If this has happened to you already, I'm sorry but you'll just have to manually dig through and move them yourself.

To prevent it from misbehaving like that, simply make a folder called "Music" in the root folder before syncing.

This will be used instead of the root folder.


Removing "Security Tools" virus/trojan/malware


Don't believe anything this trojan says. It's a dirty, filthy little piece of scamware and every threat its reporting is a lie. Security Tools should just report itself and get it over and done with.

It will block most applications from running, so you'll need to somehow get Task Manager up and running before it starts.

Some people use safe mode, others have reported that "CTRL + ALT + DEL" works and can open up the Task Manager without it complaining. If not, try "CTRL + SHIFT + ESC", which does the same thing.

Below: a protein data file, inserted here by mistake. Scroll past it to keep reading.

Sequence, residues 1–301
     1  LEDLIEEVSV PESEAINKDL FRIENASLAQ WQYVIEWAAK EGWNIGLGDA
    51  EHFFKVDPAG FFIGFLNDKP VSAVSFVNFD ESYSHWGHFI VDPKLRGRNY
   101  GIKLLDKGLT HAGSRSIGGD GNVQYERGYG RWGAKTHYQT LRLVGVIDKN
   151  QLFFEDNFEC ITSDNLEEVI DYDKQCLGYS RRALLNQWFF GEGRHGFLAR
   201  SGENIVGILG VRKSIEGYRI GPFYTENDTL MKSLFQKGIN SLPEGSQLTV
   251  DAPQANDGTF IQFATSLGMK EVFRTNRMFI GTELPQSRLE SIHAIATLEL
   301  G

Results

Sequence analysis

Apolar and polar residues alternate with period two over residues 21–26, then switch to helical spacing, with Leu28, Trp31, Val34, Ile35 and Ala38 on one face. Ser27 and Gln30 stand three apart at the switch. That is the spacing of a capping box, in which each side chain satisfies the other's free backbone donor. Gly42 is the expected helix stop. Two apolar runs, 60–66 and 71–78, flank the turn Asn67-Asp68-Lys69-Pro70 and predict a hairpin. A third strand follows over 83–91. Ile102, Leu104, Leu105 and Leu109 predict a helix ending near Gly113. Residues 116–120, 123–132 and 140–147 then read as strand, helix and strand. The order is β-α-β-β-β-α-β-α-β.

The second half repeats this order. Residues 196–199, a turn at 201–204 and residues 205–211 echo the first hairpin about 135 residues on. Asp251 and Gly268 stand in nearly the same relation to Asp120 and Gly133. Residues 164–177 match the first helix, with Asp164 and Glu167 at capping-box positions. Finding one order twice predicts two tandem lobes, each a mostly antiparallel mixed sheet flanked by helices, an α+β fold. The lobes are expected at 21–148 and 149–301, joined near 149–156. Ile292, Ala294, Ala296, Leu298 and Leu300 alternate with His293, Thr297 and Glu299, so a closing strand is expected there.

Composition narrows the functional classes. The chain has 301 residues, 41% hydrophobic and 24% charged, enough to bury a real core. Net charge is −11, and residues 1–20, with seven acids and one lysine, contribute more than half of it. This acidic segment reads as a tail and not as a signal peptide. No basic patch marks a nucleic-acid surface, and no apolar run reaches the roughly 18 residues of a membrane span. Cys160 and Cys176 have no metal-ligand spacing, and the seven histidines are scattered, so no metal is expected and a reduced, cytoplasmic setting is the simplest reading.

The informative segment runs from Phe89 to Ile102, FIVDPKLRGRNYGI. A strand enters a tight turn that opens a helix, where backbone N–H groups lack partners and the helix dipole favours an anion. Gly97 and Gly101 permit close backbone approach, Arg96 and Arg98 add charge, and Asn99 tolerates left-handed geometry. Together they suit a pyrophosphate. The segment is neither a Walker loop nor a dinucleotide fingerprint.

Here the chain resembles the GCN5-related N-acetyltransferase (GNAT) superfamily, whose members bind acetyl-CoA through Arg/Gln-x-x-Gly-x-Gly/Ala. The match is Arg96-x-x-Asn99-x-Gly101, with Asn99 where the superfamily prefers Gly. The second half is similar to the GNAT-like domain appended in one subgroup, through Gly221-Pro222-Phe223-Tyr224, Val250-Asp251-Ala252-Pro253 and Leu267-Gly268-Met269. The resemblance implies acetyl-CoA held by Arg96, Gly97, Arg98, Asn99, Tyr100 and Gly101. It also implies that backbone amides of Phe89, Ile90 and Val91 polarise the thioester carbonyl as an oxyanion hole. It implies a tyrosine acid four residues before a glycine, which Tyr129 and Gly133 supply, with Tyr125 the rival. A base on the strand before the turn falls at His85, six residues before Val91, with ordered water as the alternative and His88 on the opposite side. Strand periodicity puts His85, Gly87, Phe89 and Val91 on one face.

If that doesn't work, you'll have to create a shortcut to "taskmgr.exe" and move it into your "Start Menu > Startup" folder by dragging it with the mouse. Reboot your computer to get access to Task Manager.

Once you have Task Manager up and running, look under "Processes" and close off any program which has all numbers for the filename.

After killing off the pesky little bugger, we're now able to run new programs without any problems.

Run "services.msc" from "Start > Run". Find the following services and then stop and disable each one:

  • Browser Defender Update Service
  • PC Tools Auxiliary Service
  • PC Tools Security Service

Download MalwareBytes Anti-Malware to scan, unlock the files in use and remove the Security Tool Virus. While it scans, we can do some manual removal.

Now go to "Start > Run" again to load up "msconfig". Go to "Startup" tab and disable anything that is within the "Spyware Doctor" folder (or anything that looks suspicious). For me it was "ISTray".

Now open up the following folders and move as much junk out of there as you can. Skip the files that are locked.

  • C:\Program Files\Spyware Doctor
  • C:\Program Files\Common Files\PC Tools